JDB Communications, LLC is pleased to announce the publication of another in the series of essay collections from John D Beatty. “Ruminations On War” contains five essays on topics as wide ranging as air power, militias, disease, the origins of warfare, and early military theorists.
Speculation on issues like the beginning of war is usually beyond the pale of “military philosophy” and well into anthropology, but sometimes the thoughtful scholar has to want to know how humanity got from hunter-gatherer to suicide bomber. Though these essays were written in an academic environment, I had given some thought as to how warfare in general came about for some time. We like to think in Rousseau-like terms about early man, but I think about that idealistic picture long enough and there’s a disconnect. The “Which Came First” essay is an initial foray into the possibilities of early hominid warfare, a rumination based on what we know, what we guess at, and the laws of physics and, very generally, on Jack London’s Law of Meat that he spent a whole chapter on in White Fang.
We like to think in Rousseau-like terms about early man, but I think about that idealistic picture long enough and there’s a disconnect.
That the early Bronze-Age civilizations of North America were devastated not just by Old World technology but also by Old World diseases is not new, but the effects of contagious disease in combination with their already slow population growth was a fatal combination for their continued existence. “Deadly Emigres” is an exposition into the dynamics of a one-two punch that the Indians got when the waves of invaders reached their shores.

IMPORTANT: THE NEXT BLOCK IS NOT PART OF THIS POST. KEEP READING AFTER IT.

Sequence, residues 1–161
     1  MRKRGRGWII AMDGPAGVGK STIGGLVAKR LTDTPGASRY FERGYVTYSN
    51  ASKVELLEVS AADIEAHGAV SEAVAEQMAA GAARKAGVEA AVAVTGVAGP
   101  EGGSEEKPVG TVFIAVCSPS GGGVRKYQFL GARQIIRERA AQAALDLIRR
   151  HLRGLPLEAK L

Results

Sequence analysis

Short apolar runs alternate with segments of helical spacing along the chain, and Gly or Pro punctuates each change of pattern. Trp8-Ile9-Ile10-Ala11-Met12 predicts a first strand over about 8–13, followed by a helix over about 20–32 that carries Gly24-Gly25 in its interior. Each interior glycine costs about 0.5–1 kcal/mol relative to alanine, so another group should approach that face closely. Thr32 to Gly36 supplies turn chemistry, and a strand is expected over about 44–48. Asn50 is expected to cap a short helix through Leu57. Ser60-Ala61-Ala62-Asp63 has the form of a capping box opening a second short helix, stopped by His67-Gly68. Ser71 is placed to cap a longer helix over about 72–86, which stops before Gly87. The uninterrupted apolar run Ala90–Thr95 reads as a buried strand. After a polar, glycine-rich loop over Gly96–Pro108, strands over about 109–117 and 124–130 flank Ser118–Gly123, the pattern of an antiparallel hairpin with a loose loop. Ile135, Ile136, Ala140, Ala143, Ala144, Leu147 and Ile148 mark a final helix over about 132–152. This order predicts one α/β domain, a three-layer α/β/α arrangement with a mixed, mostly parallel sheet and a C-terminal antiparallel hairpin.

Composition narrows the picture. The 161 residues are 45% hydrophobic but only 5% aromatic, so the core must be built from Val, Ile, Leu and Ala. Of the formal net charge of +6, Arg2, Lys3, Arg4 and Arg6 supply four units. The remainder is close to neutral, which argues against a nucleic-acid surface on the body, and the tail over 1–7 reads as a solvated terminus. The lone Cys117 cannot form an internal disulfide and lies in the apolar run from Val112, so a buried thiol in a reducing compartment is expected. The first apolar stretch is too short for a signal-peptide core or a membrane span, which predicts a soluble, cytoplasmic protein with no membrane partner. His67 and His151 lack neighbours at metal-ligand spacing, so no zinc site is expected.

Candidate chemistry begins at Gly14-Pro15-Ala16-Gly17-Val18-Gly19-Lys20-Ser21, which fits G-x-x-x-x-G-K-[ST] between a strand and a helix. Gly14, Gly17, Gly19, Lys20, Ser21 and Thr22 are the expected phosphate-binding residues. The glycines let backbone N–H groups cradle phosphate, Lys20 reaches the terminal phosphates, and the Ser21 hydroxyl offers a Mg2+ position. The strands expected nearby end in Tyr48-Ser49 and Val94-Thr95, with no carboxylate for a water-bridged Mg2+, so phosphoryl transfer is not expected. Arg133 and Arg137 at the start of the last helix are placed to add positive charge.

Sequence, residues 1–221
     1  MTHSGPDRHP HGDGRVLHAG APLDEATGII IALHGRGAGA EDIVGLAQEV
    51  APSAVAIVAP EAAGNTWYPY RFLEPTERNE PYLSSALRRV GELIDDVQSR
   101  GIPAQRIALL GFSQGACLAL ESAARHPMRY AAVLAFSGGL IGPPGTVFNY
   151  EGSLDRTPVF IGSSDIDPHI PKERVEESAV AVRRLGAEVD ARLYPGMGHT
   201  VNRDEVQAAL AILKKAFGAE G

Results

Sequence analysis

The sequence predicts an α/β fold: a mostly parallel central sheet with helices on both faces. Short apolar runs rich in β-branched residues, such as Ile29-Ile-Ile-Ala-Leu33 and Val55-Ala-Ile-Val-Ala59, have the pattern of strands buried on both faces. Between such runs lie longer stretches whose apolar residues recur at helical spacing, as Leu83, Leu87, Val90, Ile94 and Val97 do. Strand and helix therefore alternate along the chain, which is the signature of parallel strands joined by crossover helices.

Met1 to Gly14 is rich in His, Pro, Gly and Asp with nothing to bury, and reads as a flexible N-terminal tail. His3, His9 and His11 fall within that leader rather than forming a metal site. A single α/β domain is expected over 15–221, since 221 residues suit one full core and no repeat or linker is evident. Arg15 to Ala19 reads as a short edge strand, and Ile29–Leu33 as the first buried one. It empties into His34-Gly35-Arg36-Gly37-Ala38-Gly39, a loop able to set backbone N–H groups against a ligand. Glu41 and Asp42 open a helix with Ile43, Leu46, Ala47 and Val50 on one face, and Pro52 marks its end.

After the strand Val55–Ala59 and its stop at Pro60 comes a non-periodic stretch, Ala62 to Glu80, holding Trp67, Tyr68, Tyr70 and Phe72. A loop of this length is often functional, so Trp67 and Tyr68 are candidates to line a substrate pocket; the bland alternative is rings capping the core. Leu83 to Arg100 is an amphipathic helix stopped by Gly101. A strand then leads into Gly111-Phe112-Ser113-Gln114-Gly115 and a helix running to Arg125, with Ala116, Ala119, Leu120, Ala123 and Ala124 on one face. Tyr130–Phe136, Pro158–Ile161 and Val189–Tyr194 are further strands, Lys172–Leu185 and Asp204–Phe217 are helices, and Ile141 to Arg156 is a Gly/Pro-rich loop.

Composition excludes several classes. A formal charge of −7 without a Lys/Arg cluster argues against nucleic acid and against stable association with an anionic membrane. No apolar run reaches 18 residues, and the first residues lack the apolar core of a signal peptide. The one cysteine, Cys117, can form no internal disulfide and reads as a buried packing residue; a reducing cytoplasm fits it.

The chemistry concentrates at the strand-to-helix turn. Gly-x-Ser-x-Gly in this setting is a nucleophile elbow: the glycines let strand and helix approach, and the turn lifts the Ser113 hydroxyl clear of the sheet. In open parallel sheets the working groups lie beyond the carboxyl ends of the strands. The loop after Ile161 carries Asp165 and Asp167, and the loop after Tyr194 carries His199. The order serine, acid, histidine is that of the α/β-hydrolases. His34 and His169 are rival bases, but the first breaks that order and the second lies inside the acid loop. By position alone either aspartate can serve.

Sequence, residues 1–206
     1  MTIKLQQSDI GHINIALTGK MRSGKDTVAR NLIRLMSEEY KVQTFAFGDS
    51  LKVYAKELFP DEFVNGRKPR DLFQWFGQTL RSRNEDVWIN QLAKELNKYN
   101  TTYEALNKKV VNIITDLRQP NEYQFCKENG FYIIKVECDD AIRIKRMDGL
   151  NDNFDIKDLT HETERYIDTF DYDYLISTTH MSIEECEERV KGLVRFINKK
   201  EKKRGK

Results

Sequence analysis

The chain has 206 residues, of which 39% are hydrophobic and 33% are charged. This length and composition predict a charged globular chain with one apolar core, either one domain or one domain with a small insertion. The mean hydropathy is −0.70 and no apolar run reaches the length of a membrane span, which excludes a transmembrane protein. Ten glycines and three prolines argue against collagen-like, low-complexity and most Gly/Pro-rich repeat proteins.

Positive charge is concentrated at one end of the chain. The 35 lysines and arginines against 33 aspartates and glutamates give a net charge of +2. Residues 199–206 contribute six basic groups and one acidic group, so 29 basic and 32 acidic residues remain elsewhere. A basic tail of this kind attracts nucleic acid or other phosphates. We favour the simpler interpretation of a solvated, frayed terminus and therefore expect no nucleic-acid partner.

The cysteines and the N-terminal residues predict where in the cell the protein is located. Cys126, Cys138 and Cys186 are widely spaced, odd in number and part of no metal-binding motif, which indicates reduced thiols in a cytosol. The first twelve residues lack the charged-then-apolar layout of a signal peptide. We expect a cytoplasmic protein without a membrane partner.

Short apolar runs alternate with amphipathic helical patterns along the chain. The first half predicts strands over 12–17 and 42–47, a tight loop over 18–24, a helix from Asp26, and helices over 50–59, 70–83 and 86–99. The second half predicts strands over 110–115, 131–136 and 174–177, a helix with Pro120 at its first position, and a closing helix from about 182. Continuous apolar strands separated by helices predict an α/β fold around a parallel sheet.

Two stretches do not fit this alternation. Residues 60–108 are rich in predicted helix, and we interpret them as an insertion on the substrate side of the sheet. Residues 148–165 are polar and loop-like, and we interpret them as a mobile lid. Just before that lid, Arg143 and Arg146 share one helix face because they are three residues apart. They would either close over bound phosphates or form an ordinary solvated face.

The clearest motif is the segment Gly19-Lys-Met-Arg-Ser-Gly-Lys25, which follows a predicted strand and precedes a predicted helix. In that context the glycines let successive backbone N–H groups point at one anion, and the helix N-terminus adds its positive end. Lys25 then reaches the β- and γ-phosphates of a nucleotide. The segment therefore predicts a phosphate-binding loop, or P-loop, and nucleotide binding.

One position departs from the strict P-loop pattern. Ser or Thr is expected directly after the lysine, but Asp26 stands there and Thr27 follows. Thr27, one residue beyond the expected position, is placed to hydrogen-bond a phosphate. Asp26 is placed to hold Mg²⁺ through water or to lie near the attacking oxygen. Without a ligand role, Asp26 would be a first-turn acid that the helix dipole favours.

“Obligations of Freedom” is an experiment in the legal and historical grounds for militia service. Though it didn’t start out that way, it is a sturdy rejoinder against the argument that the US National Guard is what Amendment II of the Constitution meant by “militia,” when the record is clear that it is anything but.
Academic history is very certain that the four classical philosophers discussed in “Four Philosophers Revisited” were the ur-scribes of modern strategic thought. The truth is that three of them at least were less concerned with philosophy than they likely were in seeing their name in print—and repeated what others wrote in the doing. But one, the first—Sun Tzu—we can’t even be certain how he was compensated, or if he wasn’t a pen name for some scholar who put a lot of other writers together. Writing during the Iron Age in China, whoever wrote the original text attributed to Sun Tzu really had little to say that others didn’t say afterwards who never heard of him, making him perhaps the first to re-state what was obvious to military professionals since the beginnings of organized warfare.
Traditionally, “a marriage made in Hell” was the unity of the machine gun and barbed wire on the Western Front in France and Flanders. “A Divorce from the Marriage Made in Hell” is an exposition on the earliest philosophies that poses a question: are separate air forces the answer? That, of course, depends on what the question is.
“Ruminations On War” is available on Amazon Kindle, and is free for Kindle Unlimited subscribers. See other books from JDB Communications, LLC on John D. Beatty’s Author Page.